How to Use Patch Requests to Update Resources in Your REST API

How to Use Patch Requests to Update Resources in Your REST API
Photo by Jakob Owens / Unsplash

Hello guys, Oscar here with another amazing chapter on REST API Development with ASP NET 7. Today we have an amazing and relevant topic for our APIs to have more power and flexibility at the time of updating our API resources.

If you're familiar with HTTP requests, you've probably heard of GET, POST, PUT, and DELETE. But have you heard of PATCH? In this article, we'll explain what a PATCH request is, why it's useful, and how you can use it, also I will show you the different type of operations that the patch method supports and how you can implement it on your own web API so without further ado let’s get into the action.

What is the Patch Request ?

The PATCH request is an HTTP method that is used to partially update an existing resource. With PATCH, you can modify specific attributes of a resource without having to send the entire resource back to the server.

For example, let's say you have a user profile that includes a name, email address, and phone number. If the user updates their phone number, you could use a PATCH request to send only the new phone number to the server, rather than sending the entire user profile this means a great improvement in flexibility at the time of updating large objects because you will no longer have to provide and update all the resource properties but only the ones that you want.

Why is Patch Request Useful ?

Patch request offers several benefits.

Firstly, it can be more efficient than other HTTP methods. If you only need to modify a small part of a resource, sending the entire resource to the server can be unnecessary and time-consuming. By using PATCH, you can reduce the amount of data that needs to be sent, which can improve performance.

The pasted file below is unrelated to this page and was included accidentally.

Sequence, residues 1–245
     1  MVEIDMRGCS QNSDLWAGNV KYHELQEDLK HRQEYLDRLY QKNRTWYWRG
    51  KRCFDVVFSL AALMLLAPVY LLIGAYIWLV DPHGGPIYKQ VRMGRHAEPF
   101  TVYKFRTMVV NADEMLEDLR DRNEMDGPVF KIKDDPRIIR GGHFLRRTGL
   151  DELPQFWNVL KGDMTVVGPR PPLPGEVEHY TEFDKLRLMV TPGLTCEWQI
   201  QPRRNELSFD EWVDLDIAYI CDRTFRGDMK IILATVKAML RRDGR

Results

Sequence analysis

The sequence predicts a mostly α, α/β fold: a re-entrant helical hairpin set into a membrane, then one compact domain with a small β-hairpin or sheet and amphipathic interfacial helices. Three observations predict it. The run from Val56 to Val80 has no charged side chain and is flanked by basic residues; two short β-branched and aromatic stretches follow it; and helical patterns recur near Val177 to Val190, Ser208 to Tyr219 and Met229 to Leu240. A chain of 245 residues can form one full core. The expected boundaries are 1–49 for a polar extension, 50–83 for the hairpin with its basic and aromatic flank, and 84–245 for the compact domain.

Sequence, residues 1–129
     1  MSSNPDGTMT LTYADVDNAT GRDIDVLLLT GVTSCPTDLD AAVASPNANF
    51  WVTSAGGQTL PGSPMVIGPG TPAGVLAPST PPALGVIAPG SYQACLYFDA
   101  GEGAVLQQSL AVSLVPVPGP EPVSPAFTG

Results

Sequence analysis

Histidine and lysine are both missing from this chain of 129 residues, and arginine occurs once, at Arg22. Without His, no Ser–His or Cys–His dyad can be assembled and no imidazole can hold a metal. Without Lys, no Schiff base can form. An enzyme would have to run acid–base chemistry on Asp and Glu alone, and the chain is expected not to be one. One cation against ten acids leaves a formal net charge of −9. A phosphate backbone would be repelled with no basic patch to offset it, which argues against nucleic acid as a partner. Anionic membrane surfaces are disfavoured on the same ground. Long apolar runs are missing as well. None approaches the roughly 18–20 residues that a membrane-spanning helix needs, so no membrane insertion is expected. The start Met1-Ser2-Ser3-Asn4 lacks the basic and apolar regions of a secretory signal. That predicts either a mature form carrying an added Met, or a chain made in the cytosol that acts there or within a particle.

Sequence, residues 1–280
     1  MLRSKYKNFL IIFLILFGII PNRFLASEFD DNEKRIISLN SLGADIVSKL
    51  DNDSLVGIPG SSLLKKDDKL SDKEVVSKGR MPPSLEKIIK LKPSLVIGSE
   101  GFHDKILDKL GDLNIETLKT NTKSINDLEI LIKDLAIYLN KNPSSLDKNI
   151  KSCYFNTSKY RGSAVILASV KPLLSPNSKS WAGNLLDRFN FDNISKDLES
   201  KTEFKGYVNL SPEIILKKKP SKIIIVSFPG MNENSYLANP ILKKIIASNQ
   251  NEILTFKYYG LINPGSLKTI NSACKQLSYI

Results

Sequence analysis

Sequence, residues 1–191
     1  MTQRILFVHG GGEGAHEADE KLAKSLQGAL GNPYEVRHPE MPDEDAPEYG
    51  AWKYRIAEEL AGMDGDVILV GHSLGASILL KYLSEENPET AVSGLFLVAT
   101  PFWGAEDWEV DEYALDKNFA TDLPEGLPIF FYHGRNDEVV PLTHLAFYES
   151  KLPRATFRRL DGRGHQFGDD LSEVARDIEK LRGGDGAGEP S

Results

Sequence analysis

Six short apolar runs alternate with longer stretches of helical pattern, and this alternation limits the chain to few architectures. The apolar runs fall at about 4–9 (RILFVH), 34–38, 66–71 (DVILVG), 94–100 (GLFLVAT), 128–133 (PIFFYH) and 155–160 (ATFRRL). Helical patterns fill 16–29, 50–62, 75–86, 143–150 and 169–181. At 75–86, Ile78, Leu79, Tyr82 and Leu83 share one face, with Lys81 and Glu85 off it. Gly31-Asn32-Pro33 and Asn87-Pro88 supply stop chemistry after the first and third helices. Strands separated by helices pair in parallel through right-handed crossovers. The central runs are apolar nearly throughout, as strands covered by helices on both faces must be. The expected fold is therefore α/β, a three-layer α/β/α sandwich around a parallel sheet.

Secondly, PATCH is useful when you need to make incremental changes to a resource. For example, if you want to update a user's email address and phone number separately, PATCH allows you to do this without overwriting any other attributes of the resource.

Finally, using PATCH can be beneficial for ensuring data consistency. If you use PUT to update a resource, you must send the entire resource to the server, even if only one attribute has changed. This can result in other attributes being overwritten accidentally. PATCH, on the other hand, allows you to modify only the attributes you want to change, reducing the risk of unintended consequences.

Different Patch Operations

There are six different patch operations:


This operation adds a new value to a property.

	"op": "add",
	"path": "/title",
	"value": "new value"


Removes the value from a property or sets it to a default value.

	"op": "remove",
	"path": "/title"


Replaces a value to a new one. It is the equivalent of a remove operation followed by an add operation.

	"op": "replace",
	"path": "/title",
	"value": "new value"


Copies the value from one location to another(property) using two JSON pointers from and path.

	"op": "copy",
	"path": "/title",
	"from": "/author"


Moves a value from one location to another(property) using two JSON pointers from and path.

	"op": "move",
	"path": "/title",
	"from": "/author"


Tests if a property has an expected value. if the test fails, then the patch as a whole should not apply.

	"op": "test",
	"path": "/title",
	"value": "test value"

Example of a Patch Request Body

        "op": "replace",
        "path": "/title",
        "value": "new title"
        "op": "add",
        "path": "/author",
        "value": "new author"